Are Octopus Dangerous
When most people think of the octopus, they think of a shy, mild-mannered, eight-armed sea creature they could be friends with if they were a sea dweller. However, if you look to ancient sea tales, it was common for mariners to describe octopuses and squid as massive, monstrous creatures that could bring down sea vessels.
Of course, these tales are only fiction.
Real octopuses are inquisitive and curious creatures that would rarely if ever, harm a human being. However, that doesn't mean that octopuses aren't dangerous in their own right.
Come with us as we explore the question of "How Dangerous are Octopus?"
Can An Octopus Kill You?
Yes, while an octopus could kill you if you were bitten and left alone with no help, this rarely happens, as octopuses are very passive giants. However, the blue-ringed octopus is one of the most venomous animals on Earth and could cause death with just one bite.
With that said, Octopuses are more of a threat to themselves. They are what scientists call "semelparous" animals, meaning they reproduce only one time before dying. Many scientists believe that these animals have been biologically programmed to die after reproduction so as not to cannibalize their young.
Do Octopus Bite?
All octopuses can bite. A bite from a blue-ringed octopus, however, can be fatal, as they are highly poisonous creatures. It's uncommon for humans to get bitten by this dangerous octopus unless they accidentally or intentionally provoke or disturb it while snorkeling or scuba diving.
Only the venom of the blue-ringed octopus is life-threatening to humans.
Why Are Blue Ringed Octopus Dangerous?
The unique toxin inside the blue-ringed octopus' salivary glands is what makes it such a deadly creature. Each blue-ringed octopus stores so much of this toxin, that it is capable of killing over 20 humans within just a few minutes.
While these tiny octopuses only grow up to eight inches at most, their venom is extremely powerful and there is no known antidote. Containing dopamine and tetrodotoxin, the distinctive neurotoxin of the tiny blue-ringed octopus is more than 1,200 times as deadly as cyanide.
For the blue-ringed octopus to deliver this rare venom, it would need to bite a person. However, because the bites are so small, the victim may not even feel it.
It would take a few minutes for that individual to develop shortness of breath and sudden nausea before muscle paralysis kicked in. Eventually, if the victim was unattended, they would succumb to cardiac and respiratory arrest.
While the number of fatalities is not agreed upon, it is estimated that under 20 people have died from a blue-ringed octopus bite.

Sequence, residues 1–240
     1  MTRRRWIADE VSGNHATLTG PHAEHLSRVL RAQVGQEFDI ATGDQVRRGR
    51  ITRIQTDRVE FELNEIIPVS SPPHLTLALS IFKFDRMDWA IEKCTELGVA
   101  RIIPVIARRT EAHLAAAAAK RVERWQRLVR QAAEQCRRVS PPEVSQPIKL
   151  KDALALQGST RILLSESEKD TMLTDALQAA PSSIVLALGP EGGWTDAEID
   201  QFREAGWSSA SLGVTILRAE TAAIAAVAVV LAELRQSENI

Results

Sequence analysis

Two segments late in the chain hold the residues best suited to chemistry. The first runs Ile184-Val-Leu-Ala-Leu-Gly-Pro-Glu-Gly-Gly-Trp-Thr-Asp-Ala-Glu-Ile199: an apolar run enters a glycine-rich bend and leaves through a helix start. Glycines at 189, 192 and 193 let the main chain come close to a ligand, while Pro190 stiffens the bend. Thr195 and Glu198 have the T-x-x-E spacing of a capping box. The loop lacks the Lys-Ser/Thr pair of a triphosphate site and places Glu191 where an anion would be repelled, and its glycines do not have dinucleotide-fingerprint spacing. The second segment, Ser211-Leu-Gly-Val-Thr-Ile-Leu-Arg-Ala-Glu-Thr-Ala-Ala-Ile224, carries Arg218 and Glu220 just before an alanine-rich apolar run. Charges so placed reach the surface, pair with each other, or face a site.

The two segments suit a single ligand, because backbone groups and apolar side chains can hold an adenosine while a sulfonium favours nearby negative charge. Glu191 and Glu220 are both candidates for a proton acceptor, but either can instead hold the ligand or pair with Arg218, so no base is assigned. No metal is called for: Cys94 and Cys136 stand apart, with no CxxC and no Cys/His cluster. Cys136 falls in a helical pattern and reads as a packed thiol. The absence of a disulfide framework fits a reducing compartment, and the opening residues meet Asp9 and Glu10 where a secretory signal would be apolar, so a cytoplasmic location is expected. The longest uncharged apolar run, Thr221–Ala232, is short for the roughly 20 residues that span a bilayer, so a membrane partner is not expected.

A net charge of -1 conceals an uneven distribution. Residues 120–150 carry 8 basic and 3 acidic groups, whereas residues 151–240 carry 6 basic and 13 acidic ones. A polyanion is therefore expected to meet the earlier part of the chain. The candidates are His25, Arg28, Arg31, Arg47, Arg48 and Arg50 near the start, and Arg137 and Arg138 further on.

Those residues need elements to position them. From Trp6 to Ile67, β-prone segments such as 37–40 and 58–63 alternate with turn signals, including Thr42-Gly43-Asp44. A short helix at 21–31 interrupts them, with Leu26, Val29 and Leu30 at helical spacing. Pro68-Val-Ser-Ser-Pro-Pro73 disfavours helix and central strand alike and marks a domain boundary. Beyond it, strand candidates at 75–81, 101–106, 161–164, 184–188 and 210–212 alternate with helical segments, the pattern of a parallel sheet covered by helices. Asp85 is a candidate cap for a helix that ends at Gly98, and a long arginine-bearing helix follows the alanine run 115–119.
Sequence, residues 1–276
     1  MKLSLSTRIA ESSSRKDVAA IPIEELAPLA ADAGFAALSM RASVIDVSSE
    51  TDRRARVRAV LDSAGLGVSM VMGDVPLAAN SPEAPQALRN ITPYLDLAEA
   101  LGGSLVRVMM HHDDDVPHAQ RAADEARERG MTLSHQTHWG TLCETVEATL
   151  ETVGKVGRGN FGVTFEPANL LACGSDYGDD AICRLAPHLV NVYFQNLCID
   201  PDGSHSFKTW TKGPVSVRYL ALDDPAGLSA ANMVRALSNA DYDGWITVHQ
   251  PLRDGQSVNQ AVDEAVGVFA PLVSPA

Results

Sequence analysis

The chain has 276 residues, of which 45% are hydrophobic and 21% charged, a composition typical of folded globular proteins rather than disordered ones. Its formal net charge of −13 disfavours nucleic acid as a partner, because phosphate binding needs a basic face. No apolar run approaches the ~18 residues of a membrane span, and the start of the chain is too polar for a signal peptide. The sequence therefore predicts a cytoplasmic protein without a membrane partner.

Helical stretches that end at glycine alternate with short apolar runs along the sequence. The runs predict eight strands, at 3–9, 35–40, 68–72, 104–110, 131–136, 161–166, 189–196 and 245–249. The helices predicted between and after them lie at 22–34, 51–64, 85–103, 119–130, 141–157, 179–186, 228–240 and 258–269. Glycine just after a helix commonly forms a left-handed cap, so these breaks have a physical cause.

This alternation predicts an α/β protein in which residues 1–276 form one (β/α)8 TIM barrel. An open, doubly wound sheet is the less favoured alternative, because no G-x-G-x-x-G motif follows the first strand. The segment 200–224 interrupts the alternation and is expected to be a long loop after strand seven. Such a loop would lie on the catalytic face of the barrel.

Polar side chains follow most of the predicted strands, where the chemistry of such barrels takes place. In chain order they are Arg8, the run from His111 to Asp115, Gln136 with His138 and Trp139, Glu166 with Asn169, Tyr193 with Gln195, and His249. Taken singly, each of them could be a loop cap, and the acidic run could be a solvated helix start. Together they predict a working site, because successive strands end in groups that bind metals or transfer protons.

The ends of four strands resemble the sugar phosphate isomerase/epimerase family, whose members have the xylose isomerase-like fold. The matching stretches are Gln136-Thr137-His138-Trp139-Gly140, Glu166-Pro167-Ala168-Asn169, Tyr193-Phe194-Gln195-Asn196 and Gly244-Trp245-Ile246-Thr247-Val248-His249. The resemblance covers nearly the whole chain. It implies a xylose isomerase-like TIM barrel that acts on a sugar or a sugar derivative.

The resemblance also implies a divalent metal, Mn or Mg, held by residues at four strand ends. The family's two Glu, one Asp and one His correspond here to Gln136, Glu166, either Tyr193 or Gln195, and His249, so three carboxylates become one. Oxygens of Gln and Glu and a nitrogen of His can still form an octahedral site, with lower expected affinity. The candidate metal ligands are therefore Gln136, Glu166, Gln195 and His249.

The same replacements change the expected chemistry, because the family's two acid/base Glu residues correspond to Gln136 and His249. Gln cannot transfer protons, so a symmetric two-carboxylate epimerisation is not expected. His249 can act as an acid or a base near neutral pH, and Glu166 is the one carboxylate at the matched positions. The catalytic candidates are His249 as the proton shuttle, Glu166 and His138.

Are All Octopuses Venomous?
According to a recent study on venomous animals, all octopuses are venomous. Thankfully, there is only one that is known to cause fatalities in humans. That is the blue-ringed octopus. This species can be found around coral reefs and tidal pools in the Pacific and Indian oceans.
Do Octopus Attack Humans?
It is very rare for an octopus to attack a human being.
Before they bite, octopuses will shoot out a cloud of ink as a warning. So if you see a cloud of ink that appears in front of you, it's best to steer clear.
What Would Happen If An Octopus Grabbed You?
An octopus would probably only grab you if it felt threatened and was acting in self-defense. When an octopus attacks, it secures one of its eight arms to a rock or coral formation and grabs its prey with another arm. Once it has a firm grip, it then moves the subject from one sucker to the next towards its beak or mouth.
Are Giant Pacific Octopus Dangerous?
The giant Pacific Octopus is the biggest octopus species, can grow as large as 600 pounds with a wingspan of up to 30 feet, and mostly resides throughout the Northern Pacific Ocean.
If a giant Pacific Octopus was able to snare a diver, it could definitely break its diving equipment and be extremely dangerous.
However, the giant Pacific Octopus is a fairly passive creature. If left alone, it is unlikely to harm you.
A woman from Washington placed a baby octopus, believed to be of the Giant Pacific Octopus species, near her face to take a photo.
The baby octopus bit her and injected her with venom, sending her to the hospital where she recovered, thanks to antibiotics.
While cases like these are extremely rare, experts noted that the octopus only attacked because it felt threatened after the woman took it out of the water and held it near her face.
The Octopuses Closest Cousin: The Squid
Is The Humboldt Squid Dangerous?
The Humboldt squid is often referred to as the "man-eating squid" due to the fact that many believe they swarms in large groups and can devour full-grown men. While this squid travels in swarms of several hundred, and grows between three and six feet in length, they don't have any intention of harming humans. However, they are very curious creatures, and if they ever approached a person, they could do some accidental damage with their large beaks.
Are Giant Squids Real?
The giant squid is one of the largest myths surrounding the octopus species. This massive creature was said to sink ships and feast on their crews. The largest squid ever found, however, was only 43 feet long.
The colossal squid is by no means one of the most dangerous creatures in the ocean, though some sperm whales have been found with battle scars from their massive suckers.
These massive squids are part of the family of cephalopods, which contain octopuses, squid, nautiluses, and cuttlefish, and are considered a cousin to the octopus.
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